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2016 UK Kant Society Annual Conference: Kant, Normativity, and Naturalism Event

5 - 6 September 2016
University of Southampton

For more information regarding this event, please email Becky Holdorph at .

Event details

How should we understand normativity and its relation to the natural world? Is it true that the scientific representation of nature ultimately has no room for normative phenomena? How, if at all, can such phenomena be ‘naturalized’? Do they need to be? The dominant terms in which these problems continue to be framed owe an enormous debt to Kant. This conference aims to explore the problem of normativity and naturalism in Kant’s own work, to probe Kant’s legacy in shaping current approaches to the problem, and to envision afresh the contribution his thought may yet make. The conference welcomes papers on all themes related to Kant’s philosophy, and in particular hopes to foster debate on the above.


Keynote Speakers

Hannah Ginsborg (University of California, Berkeley)

Marcus Willaschek (Goethe-Universität)

Contact Information

For further information, please email Becky Holdorph ( or the UKKS Conference Convenors, Sasha Mudd ( and Lucas Thorpe (


The conference is open for registration until 21 August 2016. To register, please visit the University of Southampton online store here


We gratefully acknowledge the financial support of the British Academy Newton-Celibi Trust. This conference is organized in association with the British Academy funded project ‘Agency and Autonomy: Kant and the Normative Foundations of Republican Self-Government’.



Provisional Schedule

Each session will feature three papers running in concurrent strands. 

Day 1: Monday, 5 September 2016

9:00 Registration, Coffee and Tea

10:00 Session 1

'Humanizing Feeling and Desire: The Rational Structures of Emotion' (Janelle Dewitt, Indiana University)

'Kant on Rules, Normativity, and Nature: A Blow or a Gift to the Naturalist?’ (Jim O’Shea, University College Dublin)

‘Is Organic Matter Natural? Norm and Nature in Kant’s Account of Teleology’ (Pavel Reichl, University of Essex)

11:00 Session 2

‘Kantian Emotions, Imperfect Duties, and the Cultivation of Character’ (Paula Satne, University of Durham)

‘Judgement, Logic and the Shape of Experience: Kant’s In-house Naturalism’ (Paul Abela, Acadia University)

‘Kant on Intuitive Understanding and Things in Themselves’ (Reed Winegar, Fordham University)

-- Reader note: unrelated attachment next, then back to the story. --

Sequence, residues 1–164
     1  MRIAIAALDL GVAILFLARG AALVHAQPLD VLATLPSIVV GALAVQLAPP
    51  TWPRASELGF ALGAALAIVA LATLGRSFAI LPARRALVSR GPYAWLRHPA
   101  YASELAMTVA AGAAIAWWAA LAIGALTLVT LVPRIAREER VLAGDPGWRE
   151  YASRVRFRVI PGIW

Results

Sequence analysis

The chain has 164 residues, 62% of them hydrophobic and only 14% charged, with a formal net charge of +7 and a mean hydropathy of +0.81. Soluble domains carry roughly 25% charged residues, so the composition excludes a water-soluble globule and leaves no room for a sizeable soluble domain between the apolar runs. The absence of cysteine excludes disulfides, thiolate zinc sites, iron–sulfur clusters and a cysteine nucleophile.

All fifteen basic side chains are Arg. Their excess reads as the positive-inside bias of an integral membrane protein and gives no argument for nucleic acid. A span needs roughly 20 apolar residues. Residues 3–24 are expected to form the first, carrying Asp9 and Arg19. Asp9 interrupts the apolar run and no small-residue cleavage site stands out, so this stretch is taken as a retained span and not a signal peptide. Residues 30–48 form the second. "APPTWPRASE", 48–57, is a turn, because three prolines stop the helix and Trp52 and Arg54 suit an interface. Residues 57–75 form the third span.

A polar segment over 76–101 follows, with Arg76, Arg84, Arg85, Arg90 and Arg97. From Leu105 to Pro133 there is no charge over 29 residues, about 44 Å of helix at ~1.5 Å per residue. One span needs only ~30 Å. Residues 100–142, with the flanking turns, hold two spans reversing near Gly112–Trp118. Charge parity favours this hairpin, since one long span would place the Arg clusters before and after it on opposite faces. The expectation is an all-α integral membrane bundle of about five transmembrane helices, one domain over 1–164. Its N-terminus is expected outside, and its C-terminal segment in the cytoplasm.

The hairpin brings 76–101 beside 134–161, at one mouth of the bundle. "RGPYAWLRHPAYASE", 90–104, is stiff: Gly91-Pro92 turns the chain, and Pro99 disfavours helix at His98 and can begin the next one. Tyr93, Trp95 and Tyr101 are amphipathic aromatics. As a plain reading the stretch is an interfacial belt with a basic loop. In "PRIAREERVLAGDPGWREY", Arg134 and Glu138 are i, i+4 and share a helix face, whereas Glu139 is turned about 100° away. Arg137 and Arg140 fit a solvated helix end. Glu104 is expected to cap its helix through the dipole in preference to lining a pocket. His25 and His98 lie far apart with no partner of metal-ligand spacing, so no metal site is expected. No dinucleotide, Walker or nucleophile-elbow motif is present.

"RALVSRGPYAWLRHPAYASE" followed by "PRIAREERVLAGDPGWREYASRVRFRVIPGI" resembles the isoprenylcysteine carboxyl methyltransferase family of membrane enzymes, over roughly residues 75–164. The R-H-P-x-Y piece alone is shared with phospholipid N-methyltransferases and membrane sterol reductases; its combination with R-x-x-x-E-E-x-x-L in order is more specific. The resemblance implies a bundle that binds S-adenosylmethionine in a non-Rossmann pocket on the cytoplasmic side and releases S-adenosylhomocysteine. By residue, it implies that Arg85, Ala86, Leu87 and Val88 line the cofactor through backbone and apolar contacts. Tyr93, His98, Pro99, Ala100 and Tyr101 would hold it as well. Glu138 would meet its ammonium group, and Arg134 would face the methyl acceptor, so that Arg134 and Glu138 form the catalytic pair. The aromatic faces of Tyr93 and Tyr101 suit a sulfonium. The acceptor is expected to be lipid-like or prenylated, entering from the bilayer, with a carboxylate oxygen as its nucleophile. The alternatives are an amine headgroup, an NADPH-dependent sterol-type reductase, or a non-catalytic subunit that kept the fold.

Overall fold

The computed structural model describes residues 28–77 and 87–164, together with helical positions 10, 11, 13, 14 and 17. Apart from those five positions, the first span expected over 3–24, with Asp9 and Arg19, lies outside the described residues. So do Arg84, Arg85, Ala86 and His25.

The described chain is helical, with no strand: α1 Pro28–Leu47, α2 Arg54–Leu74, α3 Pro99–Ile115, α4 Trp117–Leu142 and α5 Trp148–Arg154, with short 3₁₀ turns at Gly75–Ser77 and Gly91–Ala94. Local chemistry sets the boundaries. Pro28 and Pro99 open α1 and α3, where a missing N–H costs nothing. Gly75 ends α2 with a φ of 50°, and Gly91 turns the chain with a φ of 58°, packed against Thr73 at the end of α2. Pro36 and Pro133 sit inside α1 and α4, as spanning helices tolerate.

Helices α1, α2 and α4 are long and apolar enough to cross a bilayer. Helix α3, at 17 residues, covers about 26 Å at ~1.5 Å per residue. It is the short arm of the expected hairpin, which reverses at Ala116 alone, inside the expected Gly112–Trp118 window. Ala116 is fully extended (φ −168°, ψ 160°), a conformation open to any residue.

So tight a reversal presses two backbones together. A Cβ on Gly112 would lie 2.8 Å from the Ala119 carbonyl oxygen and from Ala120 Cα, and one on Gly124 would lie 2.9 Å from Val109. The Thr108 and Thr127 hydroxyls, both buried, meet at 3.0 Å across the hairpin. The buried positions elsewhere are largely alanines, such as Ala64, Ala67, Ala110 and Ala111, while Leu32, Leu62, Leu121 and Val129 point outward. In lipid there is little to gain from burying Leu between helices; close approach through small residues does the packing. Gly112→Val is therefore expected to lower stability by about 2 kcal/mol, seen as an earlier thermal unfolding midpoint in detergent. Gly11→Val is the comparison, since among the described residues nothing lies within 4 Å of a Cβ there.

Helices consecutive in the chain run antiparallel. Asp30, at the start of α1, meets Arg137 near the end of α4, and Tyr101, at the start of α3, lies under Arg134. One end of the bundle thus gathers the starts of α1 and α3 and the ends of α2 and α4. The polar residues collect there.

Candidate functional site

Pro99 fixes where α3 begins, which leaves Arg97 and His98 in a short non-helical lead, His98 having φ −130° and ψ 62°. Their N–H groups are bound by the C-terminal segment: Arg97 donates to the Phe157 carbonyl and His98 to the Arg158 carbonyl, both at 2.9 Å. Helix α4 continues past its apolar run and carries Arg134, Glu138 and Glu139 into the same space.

12:00 Coffee and Tea

12:15 Session 3

‘Both the Law and The Good: Rethinking the Ground of Kant's Ethics’ (Sasha Mudd, University of Southampton)

‘Two Unlikely Allies: Kant and Anscombe on Self-Thought’ (Eylem Özaltun, Koc University)

‘Synthesis and the Unity of the Pure Intuition of Time’ (Hope Sample, Ohio State University)

13:10 Lunch

14:00 Session 4

‘Kant’s “Newtonian” Transformation in Moral Philosophy’ (Nataliya Palatnik, Harvard University)

‘Kant’s Legal Metaphor and the Tradition of Ancient Skepticism’ (Bianca Ancillotti, Humboldt University)

‘The Necessity of Necessity’ (Jessica Leach, University of Sheffield)

15:00 Session 5

‘Weakness and Resoluteness of Will’ (Taylan Susam, Boğaziçi Univeristy)

‘A Kantian Approach to the Modal Status of Empirical Laws’ (Saniye Vatansever, Bilkent University)

‘“Order of Nature” and Idealism in Kant’s Transcendental Deduction’ (Marialena Karampatsou, Humboldt University)

16:00 Coffee and Tea

16:15 Keynote

'Freedom as a Postulate' -- Marcus Wassaschek, Goethe-Universität

19:00 Conference Dinner (preregistration required)


Day 2: Tuesday, 6 September 2016

9:00 Tea and Coffee

9:30 Session 1

‘Rawls and Kant’s Alleged Moral Naturalism’ (Ryan Wines, Bernadottegymnasiet)

‘Kant’s Rationalist Solution to Berkeley’s Empiricist Puzzle’ (Andrew Stephenson, Humboldt University)

‘Kant and Crusius on Causal Activity’ (Michael Oberst, Humboldt University)

10:30 Session 2

‘Was Kant Ever a Moral Sentimentalist? The Limits of the Impact of Sentimentalism on Kant’s Moral Philosophy’ (Stefano Bacin, Università San Raffaele)

‘Kant’s Transcendental Deduction, Non-Conceptualism, and the Fitness-for-Purpose Objection’ (Robert Watt, Oxford University)

‘A Task Set to Humanity: Disjunctive Community and the Ends of Kant’s Cosmopolitanism’ (Jakob Huber, London School of Economics)

11:30 Tea and Coffee

12:00 Keynote

'Why Must We Presuppose the Systematicity of Nature?' -- Hannah Ginsborg, University of California at Berkeley

13:30 Lunch

14:30 Session 3


‘Kant and Consequentialism in Context: the Reviews of H.A. Pistorius’ (Michael Walschots, St. Andrews University)

‘Was Kant a Defeatist about Biology?’ (Andrew Cooper, University of Bonn)

‘Moved to Obey: The Penal Law as a Rational Requirement’ (Marie Newhouse, University of Surrey)

15:30 Session 4

‘Impulses, Inclinations and Maxims: A Kantian Alternative to Belief-Desire Psychology’ (Lucas Thorpe, Boğaziçi University)

‘A Normative Theory of Science: Kant and the Principle of Systematicity’ (Katharina Kraus, University of Freiburg)

‘Kant’s Case against Heterosexual Marriage’ (Martin Sticker, University of Göttingen)

16:30 Tea and coffee

16:45 Session 5

‘Kant on Friendship’ (Xintong Wei, St. Andrews University)

‘Kant's Deduction of the Sublime’ (Thomas Moore, Brown University)

‘We Don’t Need no Noumena? Rational Self-cultivation in Kant’ (Louise Chapman, Kings College London)










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